It turns out that sinuses aren't totally hollow after all; they're lined with a pinkish membrane that manages to produce mucus all day and all night. In fact, your respiratory tract produces about a quart of slime each day. Most of it disappears without a second thought down your throat (yum!), while some glides down through your nose. This mucus is mostly water, though it's also loaded with glycoproteins and enzymes that attack germs.
Obviously you use your nose to breathe, and this is where mucus dons its germ-fighting costume. Breathing invariably means you're sucking up garbage that you definitely don't want in your body, including viruses, bacteria, and fungus -- not to mention dust, dirt, pollen, and other tiny foreign particles.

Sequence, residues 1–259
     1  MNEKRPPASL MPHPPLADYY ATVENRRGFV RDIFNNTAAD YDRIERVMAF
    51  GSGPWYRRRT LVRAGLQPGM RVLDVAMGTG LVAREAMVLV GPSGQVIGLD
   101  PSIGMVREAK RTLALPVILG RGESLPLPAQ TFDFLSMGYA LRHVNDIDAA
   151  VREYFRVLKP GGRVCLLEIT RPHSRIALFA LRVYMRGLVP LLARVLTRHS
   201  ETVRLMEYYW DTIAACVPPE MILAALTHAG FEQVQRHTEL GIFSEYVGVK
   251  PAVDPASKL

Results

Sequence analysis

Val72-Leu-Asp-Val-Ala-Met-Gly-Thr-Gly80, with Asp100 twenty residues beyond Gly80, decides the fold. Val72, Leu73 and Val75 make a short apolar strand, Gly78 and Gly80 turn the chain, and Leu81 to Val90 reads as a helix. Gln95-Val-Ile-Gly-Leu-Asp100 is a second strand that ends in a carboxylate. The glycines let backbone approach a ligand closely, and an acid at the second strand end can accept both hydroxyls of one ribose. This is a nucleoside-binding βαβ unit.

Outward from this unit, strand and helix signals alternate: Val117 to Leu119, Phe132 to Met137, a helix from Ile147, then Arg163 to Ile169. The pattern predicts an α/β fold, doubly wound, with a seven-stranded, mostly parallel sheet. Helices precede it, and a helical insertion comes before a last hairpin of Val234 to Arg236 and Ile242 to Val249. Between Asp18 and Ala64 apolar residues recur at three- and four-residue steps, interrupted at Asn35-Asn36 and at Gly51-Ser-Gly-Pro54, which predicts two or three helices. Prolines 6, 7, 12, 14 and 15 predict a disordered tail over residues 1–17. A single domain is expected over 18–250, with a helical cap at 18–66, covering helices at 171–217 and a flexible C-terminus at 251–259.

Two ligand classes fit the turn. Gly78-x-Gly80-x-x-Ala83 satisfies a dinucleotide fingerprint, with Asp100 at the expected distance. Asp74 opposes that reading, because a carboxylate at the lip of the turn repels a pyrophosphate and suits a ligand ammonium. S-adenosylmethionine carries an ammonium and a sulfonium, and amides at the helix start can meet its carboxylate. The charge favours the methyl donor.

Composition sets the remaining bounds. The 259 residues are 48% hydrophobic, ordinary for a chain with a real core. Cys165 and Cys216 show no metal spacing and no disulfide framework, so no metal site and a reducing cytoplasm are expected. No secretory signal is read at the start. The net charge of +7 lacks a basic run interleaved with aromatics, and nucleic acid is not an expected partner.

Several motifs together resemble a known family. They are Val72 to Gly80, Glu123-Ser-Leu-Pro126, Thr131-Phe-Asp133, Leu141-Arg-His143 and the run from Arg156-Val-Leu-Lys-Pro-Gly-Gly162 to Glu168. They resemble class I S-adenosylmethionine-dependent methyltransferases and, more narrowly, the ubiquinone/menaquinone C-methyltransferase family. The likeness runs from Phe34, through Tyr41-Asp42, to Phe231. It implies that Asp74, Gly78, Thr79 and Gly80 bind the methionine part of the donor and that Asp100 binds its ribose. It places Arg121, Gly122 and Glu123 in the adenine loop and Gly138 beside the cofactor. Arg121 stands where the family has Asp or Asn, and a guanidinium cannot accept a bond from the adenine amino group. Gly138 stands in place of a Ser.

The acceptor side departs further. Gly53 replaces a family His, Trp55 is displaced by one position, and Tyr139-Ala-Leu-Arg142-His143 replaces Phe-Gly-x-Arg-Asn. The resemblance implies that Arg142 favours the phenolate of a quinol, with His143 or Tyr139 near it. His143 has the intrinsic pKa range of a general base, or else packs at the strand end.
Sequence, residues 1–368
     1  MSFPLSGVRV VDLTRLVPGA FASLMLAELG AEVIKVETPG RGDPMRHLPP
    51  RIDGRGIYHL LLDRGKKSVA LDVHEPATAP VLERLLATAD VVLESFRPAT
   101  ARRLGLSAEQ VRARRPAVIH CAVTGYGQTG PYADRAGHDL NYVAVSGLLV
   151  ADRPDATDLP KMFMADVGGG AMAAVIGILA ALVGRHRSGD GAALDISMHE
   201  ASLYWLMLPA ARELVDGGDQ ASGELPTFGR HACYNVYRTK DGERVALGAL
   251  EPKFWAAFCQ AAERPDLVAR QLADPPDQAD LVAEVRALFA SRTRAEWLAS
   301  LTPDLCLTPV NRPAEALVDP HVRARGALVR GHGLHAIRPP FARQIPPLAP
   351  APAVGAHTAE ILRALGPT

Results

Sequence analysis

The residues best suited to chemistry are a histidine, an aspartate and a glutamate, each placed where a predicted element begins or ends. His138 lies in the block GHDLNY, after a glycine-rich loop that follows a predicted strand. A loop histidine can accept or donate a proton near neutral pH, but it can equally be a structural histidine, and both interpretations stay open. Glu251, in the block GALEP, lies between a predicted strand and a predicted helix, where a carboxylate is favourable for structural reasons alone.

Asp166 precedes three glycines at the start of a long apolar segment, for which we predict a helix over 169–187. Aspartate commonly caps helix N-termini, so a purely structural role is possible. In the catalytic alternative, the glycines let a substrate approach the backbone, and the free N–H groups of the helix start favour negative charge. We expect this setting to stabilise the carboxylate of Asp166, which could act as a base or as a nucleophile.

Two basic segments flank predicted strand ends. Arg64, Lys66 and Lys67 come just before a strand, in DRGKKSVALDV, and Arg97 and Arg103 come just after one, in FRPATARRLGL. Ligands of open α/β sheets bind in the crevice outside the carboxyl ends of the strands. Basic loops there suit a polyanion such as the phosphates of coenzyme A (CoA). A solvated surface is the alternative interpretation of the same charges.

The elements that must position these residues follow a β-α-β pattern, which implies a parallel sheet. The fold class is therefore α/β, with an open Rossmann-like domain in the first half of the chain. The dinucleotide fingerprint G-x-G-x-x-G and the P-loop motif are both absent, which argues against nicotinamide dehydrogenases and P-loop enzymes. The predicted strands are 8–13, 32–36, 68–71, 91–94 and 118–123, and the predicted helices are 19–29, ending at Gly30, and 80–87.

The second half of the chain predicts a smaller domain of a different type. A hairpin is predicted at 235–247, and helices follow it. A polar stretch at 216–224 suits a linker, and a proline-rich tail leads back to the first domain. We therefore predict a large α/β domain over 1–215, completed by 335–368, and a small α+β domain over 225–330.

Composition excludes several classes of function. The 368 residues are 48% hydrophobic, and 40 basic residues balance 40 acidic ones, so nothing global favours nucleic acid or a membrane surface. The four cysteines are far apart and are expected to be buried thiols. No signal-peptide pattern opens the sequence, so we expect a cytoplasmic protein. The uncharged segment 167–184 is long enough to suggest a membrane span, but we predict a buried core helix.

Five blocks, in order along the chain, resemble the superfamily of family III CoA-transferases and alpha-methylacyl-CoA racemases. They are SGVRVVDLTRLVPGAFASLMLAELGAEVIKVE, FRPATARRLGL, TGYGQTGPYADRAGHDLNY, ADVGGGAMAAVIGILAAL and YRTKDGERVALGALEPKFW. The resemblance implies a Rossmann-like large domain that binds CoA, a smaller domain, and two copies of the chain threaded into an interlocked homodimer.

Fortunately, mucus plays an important role in fighting the filth. In the nose, it acts as a filter that traps smaller particles. These particles are either eventually swallowed, meaning your digestive system makes short work of them, or they're forced out via a cough or a sneeze.